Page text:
Analysis of Morrison’s Egg Carbon Calculation System
Morrison’s has been working closely with Eggbase Ltd to calculate the environmental impact of egg production through multiple of its supplier farms, and has requested for an independent verification of the data and calculations that feed the software model. Given that this is all strictly confidential data, owned by Eggbase, Morrison’s could not analyse it directly, which is why it has contracted the University of Cambridge to act as a trusted third party.
The report team reviewed all the documentation associated with the data collection and carbon calculation of the egg impact. This included the decision making used to model the egg production, the assumptions made, and the boundary chosen. In collaboration with Eggbase, the choice of databases and data points used to convert utilities and supplies quantities into carbon values was assessed.
A life cycle diagram was built with the Morrison’s and Eggbase staff to determine where boundary points had been identified and used in the calculations, and if those points could have been selected differently and the implications of those alternative choices. The most important areas for development of real-life data were considered, and any risks inherent in using generic data instead.
The real carbon data calculated through Eggbase for a set of flocks that has already been depleted was analysed, and for which Eggbase has access to information from packing stations for outputs, and all inputs used throughout the flock life.
The overall objective is for Morrison’s to understand which decisions in the supply chain of eggs can reduce the carbon impact of the final product. Ultimately, these calculations will support Morrison’s in making claims directly to the end consumer on the impact of its eggs, and contribute to the Company’s carbon reduction goals.
This analysis is not a full LCA, however given that the core of the analysis is the verification of a carbon calculation software, which is based on LCA methodology, the analysis is based on LCA standards, which are listed in this section.
Eggbase System Analysis
Functional Unit of Analysis
The unit of analysis (UoA) for this work is the total impact of 1 specific flock, at a specific producer location, which will therefore define the carbon impact of 1kg of eggs. The impact is calculated based on inputs and outputs for a flock, throughout its entire productive life.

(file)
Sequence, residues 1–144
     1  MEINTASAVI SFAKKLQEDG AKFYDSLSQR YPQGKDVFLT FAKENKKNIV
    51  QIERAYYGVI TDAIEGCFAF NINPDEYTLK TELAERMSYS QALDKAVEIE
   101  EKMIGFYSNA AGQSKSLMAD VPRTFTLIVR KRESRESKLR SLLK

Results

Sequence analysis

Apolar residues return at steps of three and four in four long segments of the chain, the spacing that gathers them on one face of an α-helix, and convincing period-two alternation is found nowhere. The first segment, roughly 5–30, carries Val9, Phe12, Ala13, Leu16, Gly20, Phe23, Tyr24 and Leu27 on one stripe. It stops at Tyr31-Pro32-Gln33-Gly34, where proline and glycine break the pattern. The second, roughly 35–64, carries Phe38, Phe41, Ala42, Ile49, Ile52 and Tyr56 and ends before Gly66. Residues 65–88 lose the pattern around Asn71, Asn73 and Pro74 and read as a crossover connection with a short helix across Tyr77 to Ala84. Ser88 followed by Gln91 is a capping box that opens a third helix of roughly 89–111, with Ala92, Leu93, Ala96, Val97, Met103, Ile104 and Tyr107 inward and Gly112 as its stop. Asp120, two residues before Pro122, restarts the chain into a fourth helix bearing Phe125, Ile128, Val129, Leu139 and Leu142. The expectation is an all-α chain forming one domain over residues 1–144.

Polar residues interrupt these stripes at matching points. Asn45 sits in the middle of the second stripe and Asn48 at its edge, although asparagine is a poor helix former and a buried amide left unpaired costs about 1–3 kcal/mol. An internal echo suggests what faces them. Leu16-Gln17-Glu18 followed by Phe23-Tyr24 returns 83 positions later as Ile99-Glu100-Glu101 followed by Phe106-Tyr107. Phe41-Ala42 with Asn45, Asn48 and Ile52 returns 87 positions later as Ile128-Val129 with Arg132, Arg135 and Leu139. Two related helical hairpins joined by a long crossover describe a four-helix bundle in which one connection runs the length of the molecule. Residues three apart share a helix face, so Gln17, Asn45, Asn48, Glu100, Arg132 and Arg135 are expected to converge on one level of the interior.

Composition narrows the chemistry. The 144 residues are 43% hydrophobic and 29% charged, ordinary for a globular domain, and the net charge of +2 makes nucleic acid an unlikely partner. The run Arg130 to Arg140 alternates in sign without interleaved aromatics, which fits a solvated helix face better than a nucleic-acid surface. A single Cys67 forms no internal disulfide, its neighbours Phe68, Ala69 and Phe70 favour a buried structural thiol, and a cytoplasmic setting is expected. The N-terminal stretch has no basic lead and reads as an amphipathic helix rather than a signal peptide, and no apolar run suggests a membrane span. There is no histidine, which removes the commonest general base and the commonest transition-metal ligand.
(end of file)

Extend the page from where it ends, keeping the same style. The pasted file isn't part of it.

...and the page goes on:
Definition of system boundary chosen
Sources of environmental impact across the lifecycle of the chicken can be:
- Organic raw material: these include types of feed, water, and supplements
- Inorganic raw materials: these include medicines, materials used for machinery and buildings.
- Utilities: [this is a term widely used in LCA analysis, which comprises] water, transportation, electricity etc.
The different types of impact are summarised in Figure 1 below:
Figure 1 LCA Boundaries, types of impact sources (right click and open image in a new tab to view in detail)
Systems for allocation of emissions
In LCA methodology and in this report, emissions can be considered as one of the following:
- Negative values, therefore considered as avoided emissions, which are included in calculations
- Excluded values, therefore considered as zero (0) in a system
- Positive values, that are included
Figure 2 LCA allocation options (right click and open image in a new tab to view in detail)
Egg System Boundaries
Boundaries used in the calculation of the carbon impact by Eggbase are defined in Figure 2, based on what is included in the software, and interviews with the Eggbase team. These correspond to a cradle to farm gate system, which is correct for the purpose of the software. Therefore, everything which enters or used directly in the farm boundary is included in calculations.
Figure 3 LCA Boundaries, inclusions and exclusions (right click and open image in a new tab to view in detail)
Carbon emissions changes from different boundary inclusions:
- Barns: can be excluded
- Waste from packaging: negligible
- Water treatment: approved boundary decisions.
As a conclusion, the unit of analysis, boundaries, and exclusions match the guidelines in the Reference Framework, and a reality that can summarise the standard systems used in farms across the UK. The excluded elements would not bring a large variation to the final results, as they would account to less than 1% of carbon emissions.
After detail analysis, we assess that all the assumptions used by the Eggbase software are correct for calculating the carbon impact of eggs from different farms.